Easy to use, consumers need only type in the name of a food product into the website’s search field to see how it rates and compare it with similar products on the supermarket shelves. All consumers need to remember is that the more stars a product has, the healthier it is.
Initially, the FoodSwitch STARS website only allows you to search by product name, but it’s anticipated that in time the site will also have the functionality to search by product category.
When using the website, consumers will find there can be quite a lot of variation between similar food products on our supermarket shelves – and that’s makes food manufacturers nervous.The George Institute for Global Health uses the health star rating scheme’s calculator, plugging in nutrition and ingredient information already held in the database in the FoodSwitch app, to award a HSR for each product.
The George Institute said at the time of launch their database is accurate to December 2013 but it will be updated on a regular basis.
Earlier this year, the government’s original HSR website, designed to help businesses roll out the new system and provide information about the ratings to consumers, was pulled down within hours of its launch.
Speaking to ABC News on Thursday, Professor Bruce Neal of the George Institute and the University of Sydney, said: “We got sick of waiting for the Government’s website. Poor diet is now the leading cause of premature death and disability in Australia. One of the key changes over the past 50 years has been the progressive addition of salt, fat and sugar in our food.”
A spokesperson for Assistant Health Minister Fiona Nash said the Minister does have concerns about the FoodSwitch STARS website because “food companies are best placed to calculate star ratings for their products as they may hold information not available to the Institute”.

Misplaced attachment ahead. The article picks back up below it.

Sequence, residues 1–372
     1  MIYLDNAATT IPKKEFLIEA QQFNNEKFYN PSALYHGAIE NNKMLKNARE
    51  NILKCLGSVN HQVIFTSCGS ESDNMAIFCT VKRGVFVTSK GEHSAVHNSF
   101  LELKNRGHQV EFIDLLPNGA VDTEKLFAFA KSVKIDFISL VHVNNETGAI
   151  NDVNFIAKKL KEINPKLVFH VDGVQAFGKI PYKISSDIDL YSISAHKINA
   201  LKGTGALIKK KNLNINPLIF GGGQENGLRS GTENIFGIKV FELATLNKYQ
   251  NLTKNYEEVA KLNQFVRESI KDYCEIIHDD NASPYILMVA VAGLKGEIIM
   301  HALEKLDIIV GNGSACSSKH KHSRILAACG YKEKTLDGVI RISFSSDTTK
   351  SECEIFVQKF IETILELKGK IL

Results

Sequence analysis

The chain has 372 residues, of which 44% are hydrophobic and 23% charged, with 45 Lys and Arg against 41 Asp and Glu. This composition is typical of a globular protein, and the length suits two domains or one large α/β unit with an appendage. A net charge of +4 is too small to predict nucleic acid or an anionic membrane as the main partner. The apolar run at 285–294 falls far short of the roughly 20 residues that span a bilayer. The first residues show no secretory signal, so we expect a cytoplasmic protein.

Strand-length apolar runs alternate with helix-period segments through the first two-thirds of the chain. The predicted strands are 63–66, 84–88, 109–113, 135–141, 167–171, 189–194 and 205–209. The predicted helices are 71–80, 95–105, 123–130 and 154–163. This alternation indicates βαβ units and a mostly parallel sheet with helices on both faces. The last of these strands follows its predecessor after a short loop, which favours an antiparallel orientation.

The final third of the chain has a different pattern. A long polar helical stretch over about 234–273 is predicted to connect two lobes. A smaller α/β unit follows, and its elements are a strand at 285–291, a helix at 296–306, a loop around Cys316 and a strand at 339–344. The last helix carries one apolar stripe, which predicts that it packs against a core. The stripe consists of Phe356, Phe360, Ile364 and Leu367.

The spokesperson for the Minister said the Health Star Rating label would be displayed on food packages voluntarily over the next five years and “should be considered the primary source of information.”
In response, Professor Bruce Neal, told consumer organisation CHOICE: “I think to say that companies are better placed is wrong. Big companies may have the internal expertise but small to medium entities in particular are likely to need help using the system.”
“We have the fox looking after the chook house. What we need is health experts setting health targets and industry experts to help figure out how to achieve them.”
Some food products should start displaying star labels in the coming months. The George Institute said it will be conducting a trial of the new star labelling system to assess it’s effectiveness. Consumers can participate in the trial at www.foodswitchstars.com.au